Dandy-Walker syndrome, also known as both Dandy-Walker malformation and/or Dandy-Walker complex, is a collective set of brain deformations. The disease is named after renowned medical doctors Arthur E. Walker and Walter E. Dandy, who recognized the disease in the early 20th century. Essentially, the brain is composed of four ventricles, that are filled cerebospinal fluid. The first and second ventricles are located within the cerebral hemispheres, and the third and fourth ventricles are located underneath them respectively. With Dandy-Walker syndrome, the following brain abnormalities occur: the fourth ventricle is severely enlarged; there is a lack of development of the cerebellar vermis; and a cyst forms and becomes dilated around the posterior fossa. Additionally, Dandy-Walker syndrome causes a blockage of the channel betwee the Magendie and Luschka, where cerebospinal fluid flows into the brain stem and thus, such a blockage is critical. Since the cerebospinal fluid is not able to circulate throughout the body, an increase in pressure within the ventricles occurs.
Dandy-Walker commonly leads to what is known as hydrocephalus, essentially an increased amount of fluid level within the brain. Though Dandy-Walker syndrome is not necessarily a well-known disease, it is relatively prevalent within newborns, as approximately one in every one-thousand newborns is infected with hydrocephalus, with Dandy-Walker syndrome being a leading cause.
Currently, the precise cause of Dandy-Walker syndrome is unknown within the medical community, though it is hypothesized that it is a developmental disruption that occurs during the embryonic stage, leading to the abnormalities of the syndrome.
Dandy-Walker syndrome is not known to be very hereditary, nor does there seem to be any preventive measures for it, instead, the disease is relatively random. Those infected with Dandy-Walker syndrome often have a large bump/bulge in the back of their skull, and a larger overall head-size. Potential symptoms for infants include: vomiting, irritability, seizures, abnormal breaching patterns, nystagmus, and slowed development. Symptoms more prevalent in older children and adults that are infected with the disease include: lack of coordination, severe headaches, mental retardation, and/or vision problems.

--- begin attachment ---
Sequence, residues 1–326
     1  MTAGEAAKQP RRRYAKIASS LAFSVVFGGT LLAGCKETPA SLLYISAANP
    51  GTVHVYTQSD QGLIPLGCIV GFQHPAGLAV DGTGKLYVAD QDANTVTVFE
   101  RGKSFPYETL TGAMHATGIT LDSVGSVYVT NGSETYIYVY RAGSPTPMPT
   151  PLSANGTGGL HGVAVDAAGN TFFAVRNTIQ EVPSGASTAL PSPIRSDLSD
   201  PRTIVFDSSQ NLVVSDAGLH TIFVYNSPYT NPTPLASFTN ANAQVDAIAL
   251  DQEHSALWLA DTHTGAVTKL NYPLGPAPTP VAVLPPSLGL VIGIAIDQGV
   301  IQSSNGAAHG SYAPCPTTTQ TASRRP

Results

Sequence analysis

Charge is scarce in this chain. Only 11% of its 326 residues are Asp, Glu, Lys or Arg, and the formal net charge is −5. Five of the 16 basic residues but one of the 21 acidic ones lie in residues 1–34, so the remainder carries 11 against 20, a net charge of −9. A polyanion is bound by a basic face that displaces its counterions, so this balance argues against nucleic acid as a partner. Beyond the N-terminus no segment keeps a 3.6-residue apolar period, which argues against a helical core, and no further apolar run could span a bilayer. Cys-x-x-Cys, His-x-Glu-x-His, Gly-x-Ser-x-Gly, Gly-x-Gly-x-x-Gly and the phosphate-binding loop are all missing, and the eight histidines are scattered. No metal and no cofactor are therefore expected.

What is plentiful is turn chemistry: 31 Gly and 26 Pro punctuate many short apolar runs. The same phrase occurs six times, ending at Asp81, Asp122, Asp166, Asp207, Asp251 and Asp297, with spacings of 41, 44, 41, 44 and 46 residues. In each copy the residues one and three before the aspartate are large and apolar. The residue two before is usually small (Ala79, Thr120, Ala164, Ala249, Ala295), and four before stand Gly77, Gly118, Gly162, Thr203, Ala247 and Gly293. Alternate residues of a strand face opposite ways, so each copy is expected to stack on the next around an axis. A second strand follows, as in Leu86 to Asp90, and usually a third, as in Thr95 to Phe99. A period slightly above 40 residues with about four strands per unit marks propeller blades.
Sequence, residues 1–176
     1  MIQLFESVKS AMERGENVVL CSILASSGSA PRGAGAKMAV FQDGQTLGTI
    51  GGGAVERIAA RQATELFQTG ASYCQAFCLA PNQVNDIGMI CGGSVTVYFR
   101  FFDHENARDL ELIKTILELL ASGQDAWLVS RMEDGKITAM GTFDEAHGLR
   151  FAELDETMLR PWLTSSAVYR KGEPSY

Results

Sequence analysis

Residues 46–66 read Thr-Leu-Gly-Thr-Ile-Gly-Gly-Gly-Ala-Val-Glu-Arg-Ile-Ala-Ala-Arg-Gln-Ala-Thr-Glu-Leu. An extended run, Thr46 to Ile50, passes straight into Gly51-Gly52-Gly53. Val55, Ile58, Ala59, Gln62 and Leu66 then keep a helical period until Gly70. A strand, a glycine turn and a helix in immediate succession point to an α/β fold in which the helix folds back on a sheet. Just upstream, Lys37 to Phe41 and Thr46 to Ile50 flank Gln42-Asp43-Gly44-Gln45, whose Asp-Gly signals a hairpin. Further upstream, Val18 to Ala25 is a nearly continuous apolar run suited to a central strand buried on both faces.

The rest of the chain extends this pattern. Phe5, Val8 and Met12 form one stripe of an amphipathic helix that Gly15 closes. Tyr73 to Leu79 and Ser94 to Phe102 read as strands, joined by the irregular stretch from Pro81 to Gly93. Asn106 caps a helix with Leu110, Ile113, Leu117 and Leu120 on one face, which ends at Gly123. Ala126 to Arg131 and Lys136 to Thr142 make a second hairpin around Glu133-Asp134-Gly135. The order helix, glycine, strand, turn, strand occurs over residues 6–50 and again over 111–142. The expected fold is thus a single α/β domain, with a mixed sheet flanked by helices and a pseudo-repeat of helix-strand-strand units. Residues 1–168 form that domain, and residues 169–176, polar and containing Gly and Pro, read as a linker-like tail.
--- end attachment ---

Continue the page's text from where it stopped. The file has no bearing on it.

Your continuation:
Dandy-Walker syndrome is unique, in that it can be diagnosed in the womb, as early as 12-24 weeks post-conception, though ultrasounds tend to reveal more. The diagnosis of Dandy-Walker syndrome is often confirmed using the ultrasounds, as they are more accurate. Additionally, it is possible for the parents to opt for amniocentesis, which is essentially a fetal chromosome test. Using the given symptoms, it is also possible to diagnosis the disease post-birth using an MRI and CT brain scan.
The treatment for Dandy-Walker syndrome is somewhat rigorous, as there are multiple aspects of the disease. Often, there are a dozen medical doctors in the room performing surgery and assisting on the placement of shunt in a ventricle of the brain, and in the abdominal cavity. This tube essentially regulates the cerebospinal fluid, so that there is not an excess build-up in the peritoneal cavity. At times, neurosurgery may also have to be performed, in which the surgeon inserts an endoscope into the brain, and creates an opening between the third and fourth brain ventricles. Though they don’t necessarily address the root of the disease, only the symptoms, anti-seizure medication and other medicine are at times administered. The treatment of Dandy-Walker syndrome is a split success-rate, some children fully recover with the assistance of the shunt, wheras others gain further infection.